Kirsty MacColl's final album was the rather wonderfully Cuban-influenced Tropical Brainstorm which included the 2000 hit 'In these Shoes'.
Her career had always had its fair share of ups and downs, but a disproportionate amount of her seminal work (either her own songs or cover versions) seems to tap directly into our own feelings and memories at the time - Walking Down Madison, collaboration with the Pogues, A New England, Days.
After the success of Brainstorm, Kirsty took her family to Mexico on holiday. While scuba-diving in a safe and restricted area, a speed-boat headed straight for them. She managed to push her son out of the way but in doing so she was killed instantly. The life of a talented artist and loving mum was ended. The circumstances around who was driving remain murky even now, despite an unrelenting seven-year Justice for Kirsty campaign launched by her family and supported by friends and fans.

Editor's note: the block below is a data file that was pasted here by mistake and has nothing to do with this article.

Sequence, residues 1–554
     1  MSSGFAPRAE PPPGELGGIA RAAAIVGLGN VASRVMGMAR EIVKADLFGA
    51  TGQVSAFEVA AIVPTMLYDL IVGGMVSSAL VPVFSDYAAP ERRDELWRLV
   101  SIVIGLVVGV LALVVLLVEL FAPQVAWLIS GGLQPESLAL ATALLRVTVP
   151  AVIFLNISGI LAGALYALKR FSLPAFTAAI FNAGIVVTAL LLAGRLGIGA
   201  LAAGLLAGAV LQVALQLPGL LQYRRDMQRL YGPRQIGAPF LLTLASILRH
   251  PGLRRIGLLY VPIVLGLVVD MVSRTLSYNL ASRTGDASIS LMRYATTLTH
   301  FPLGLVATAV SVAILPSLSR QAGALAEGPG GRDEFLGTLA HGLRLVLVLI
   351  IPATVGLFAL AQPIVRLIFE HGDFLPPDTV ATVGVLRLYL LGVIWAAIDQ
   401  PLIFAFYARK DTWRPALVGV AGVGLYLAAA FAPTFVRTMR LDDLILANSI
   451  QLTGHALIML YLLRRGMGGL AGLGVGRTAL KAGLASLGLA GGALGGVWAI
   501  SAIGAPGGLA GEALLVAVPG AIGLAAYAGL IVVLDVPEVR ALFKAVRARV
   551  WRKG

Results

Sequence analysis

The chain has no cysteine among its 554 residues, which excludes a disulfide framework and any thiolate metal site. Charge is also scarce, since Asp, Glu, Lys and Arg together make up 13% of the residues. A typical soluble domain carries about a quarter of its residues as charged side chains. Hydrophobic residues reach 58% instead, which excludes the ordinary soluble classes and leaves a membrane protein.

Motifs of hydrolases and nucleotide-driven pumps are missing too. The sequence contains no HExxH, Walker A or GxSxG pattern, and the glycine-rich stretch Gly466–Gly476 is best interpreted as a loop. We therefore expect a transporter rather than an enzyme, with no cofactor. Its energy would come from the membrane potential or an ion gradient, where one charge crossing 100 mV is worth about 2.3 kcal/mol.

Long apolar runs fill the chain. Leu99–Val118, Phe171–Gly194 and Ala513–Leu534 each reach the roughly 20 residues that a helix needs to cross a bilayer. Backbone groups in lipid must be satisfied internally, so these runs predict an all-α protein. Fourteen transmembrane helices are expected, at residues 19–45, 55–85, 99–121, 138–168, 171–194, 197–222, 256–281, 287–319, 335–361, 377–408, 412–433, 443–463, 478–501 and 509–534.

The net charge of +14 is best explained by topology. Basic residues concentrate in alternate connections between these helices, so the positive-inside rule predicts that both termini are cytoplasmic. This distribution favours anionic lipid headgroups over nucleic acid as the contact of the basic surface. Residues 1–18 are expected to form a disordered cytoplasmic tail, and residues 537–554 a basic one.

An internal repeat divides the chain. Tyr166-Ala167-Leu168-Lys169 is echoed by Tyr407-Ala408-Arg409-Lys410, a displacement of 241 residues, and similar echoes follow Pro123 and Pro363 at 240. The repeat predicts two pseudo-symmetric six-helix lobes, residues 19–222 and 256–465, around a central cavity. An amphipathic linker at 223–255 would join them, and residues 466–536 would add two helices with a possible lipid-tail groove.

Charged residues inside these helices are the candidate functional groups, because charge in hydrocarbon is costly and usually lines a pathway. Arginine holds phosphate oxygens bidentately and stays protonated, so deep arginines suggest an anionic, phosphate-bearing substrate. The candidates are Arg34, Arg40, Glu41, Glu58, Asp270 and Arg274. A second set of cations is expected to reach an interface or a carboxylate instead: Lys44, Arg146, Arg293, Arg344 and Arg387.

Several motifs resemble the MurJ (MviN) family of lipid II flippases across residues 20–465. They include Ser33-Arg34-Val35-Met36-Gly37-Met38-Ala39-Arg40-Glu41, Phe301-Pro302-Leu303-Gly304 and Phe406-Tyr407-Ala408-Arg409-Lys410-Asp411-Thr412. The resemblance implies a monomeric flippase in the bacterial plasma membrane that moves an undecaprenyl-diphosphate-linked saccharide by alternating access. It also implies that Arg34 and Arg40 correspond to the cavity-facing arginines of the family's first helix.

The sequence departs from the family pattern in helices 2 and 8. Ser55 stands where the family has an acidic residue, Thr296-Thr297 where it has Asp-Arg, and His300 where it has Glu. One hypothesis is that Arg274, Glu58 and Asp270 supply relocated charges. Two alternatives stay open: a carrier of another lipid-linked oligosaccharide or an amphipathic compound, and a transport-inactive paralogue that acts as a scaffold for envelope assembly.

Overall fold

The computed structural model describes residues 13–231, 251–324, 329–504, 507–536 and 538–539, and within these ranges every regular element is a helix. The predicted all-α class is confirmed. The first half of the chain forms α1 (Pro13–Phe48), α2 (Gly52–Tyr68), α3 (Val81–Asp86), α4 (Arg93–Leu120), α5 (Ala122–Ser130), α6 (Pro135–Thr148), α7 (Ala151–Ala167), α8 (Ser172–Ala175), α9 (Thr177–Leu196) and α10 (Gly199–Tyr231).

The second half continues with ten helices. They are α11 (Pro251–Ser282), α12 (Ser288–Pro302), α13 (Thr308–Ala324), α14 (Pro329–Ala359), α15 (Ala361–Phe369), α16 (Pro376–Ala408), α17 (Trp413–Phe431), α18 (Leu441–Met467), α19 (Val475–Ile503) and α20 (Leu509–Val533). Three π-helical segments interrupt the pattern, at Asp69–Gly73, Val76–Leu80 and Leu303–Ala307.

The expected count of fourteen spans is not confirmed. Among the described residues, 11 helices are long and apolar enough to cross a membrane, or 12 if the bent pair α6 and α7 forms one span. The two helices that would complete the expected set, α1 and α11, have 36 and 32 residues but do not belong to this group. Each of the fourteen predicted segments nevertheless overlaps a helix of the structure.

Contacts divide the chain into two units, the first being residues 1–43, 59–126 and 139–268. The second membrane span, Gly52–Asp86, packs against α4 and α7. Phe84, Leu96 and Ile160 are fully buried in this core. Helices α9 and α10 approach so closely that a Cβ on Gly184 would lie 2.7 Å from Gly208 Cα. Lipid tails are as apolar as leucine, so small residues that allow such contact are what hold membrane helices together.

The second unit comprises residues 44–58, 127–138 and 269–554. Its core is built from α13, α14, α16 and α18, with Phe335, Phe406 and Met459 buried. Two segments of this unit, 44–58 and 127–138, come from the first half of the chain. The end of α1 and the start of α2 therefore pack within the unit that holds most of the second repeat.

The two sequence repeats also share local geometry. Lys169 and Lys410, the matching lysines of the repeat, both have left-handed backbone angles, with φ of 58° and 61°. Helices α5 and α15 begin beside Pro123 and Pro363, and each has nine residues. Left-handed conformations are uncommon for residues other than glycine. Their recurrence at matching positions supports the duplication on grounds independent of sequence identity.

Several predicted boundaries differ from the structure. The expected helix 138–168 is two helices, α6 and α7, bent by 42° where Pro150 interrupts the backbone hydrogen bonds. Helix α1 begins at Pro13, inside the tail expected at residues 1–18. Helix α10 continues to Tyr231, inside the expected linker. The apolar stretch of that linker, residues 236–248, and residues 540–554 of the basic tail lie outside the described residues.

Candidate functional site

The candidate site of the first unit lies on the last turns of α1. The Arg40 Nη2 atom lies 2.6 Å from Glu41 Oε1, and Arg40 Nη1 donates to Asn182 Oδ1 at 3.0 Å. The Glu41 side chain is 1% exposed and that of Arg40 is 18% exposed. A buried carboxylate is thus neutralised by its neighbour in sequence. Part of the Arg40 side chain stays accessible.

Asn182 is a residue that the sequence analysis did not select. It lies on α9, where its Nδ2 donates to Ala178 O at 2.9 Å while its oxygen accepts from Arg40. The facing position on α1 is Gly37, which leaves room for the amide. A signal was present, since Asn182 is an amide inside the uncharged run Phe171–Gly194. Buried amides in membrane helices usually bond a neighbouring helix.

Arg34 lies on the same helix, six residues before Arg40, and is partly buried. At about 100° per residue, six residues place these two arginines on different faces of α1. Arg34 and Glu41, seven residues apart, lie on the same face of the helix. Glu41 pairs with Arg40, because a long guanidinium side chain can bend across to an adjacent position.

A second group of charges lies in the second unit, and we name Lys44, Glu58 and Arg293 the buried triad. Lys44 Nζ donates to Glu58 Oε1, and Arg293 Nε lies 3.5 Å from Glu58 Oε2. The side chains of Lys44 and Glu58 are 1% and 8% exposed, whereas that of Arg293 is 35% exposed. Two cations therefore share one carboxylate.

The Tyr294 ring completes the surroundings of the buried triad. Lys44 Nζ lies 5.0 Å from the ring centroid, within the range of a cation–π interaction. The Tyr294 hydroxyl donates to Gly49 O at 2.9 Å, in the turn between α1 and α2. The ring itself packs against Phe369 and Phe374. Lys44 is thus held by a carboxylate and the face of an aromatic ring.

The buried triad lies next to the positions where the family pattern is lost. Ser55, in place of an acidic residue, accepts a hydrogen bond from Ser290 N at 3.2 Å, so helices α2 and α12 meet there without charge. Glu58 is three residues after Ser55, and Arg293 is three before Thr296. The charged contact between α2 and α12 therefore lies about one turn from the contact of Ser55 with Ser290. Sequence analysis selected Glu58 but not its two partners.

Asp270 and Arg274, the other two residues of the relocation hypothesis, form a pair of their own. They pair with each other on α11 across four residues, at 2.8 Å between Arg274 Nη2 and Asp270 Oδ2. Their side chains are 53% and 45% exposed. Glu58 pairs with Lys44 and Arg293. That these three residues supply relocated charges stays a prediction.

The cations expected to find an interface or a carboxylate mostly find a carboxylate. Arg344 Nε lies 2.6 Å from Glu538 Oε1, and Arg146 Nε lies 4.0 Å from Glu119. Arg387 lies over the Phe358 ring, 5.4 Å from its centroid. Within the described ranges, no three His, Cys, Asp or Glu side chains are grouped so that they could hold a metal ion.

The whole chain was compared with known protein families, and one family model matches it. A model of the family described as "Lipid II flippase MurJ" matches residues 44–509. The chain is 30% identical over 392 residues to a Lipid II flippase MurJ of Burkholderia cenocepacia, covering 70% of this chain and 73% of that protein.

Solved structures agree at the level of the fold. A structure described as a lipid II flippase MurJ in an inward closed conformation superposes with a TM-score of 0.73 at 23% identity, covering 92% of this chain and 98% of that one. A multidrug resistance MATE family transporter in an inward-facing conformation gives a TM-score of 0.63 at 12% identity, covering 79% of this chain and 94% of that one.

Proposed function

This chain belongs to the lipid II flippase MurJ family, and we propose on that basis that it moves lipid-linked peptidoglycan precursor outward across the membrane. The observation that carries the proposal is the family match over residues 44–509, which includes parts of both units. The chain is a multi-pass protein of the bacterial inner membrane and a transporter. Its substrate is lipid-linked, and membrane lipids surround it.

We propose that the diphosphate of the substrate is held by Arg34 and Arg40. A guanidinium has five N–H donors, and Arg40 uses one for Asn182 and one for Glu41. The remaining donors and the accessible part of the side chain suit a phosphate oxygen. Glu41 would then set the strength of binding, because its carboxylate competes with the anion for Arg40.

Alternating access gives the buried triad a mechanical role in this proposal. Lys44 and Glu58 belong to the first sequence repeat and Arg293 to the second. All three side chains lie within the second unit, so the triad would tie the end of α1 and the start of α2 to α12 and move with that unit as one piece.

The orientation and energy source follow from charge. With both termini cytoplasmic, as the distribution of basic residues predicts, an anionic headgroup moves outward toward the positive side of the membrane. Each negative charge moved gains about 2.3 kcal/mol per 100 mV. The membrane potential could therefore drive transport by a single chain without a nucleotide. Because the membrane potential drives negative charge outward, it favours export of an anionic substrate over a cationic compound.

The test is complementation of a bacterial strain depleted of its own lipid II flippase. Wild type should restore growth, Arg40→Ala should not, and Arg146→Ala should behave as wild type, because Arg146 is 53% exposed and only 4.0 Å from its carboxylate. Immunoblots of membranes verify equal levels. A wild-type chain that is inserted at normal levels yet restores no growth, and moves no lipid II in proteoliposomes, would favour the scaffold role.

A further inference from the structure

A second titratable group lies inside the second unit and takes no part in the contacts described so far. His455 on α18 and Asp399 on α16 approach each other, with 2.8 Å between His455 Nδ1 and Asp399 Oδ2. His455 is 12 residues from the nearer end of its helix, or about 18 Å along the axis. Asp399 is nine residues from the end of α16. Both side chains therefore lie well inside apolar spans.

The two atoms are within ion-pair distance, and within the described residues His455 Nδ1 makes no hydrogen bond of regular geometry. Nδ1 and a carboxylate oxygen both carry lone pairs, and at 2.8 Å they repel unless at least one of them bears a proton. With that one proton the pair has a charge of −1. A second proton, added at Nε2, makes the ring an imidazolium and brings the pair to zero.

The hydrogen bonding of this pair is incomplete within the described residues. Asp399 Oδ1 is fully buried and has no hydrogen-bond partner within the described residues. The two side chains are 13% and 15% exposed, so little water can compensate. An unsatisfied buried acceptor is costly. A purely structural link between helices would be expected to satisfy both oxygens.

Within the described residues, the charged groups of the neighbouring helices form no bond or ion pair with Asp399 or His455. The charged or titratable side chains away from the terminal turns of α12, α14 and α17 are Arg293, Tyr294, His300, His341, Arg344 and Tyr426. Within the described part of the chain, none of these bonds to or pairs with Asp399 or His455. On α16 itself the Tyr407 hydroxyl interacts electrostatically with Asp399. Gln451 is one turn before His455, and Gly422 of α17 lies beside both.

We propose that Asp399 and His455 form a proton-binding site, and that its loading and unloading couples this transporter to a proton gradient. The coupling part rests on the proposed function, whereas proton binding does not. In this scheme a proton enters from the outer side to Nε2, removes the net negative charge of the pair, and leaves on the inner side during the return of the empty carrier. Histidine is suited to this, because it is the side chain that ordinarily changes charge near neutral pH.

Billy Bragg still sings "her extra verses" when he performs A New England, and the Pogues highlight the campaign at each of their concerts as currently tour the US.
One of Kirsty's most poignant songs remains 'Soho Square'. From the 1994 Titanic Days album, all the tracks form part of what she called her 'sad break up album' after her divorce with Steve Lillywhite. Soho Square is about lost love on 'an empty bench' where 'the pigeons shiver in the naked trees' and as a tribute to her, fans campaigned for the necessary funds and permission from Westminster Council to place a bench in the square. The bench remains there today, on the south side and just to the right of the recent Londonist Timewarp photo.
Got a spare hour over the bank holiday weekend? Then may we suggest that you listen to Soho Square here, sign up to the Justice for Kirsty Campaign here, remind yourself of which of her songs resonate with your memories here and then go sit with a warm coffee on her bench in Soho Square to have a quiet think, here.
"One day you'll be waiting there, No empty bench in Soho Square".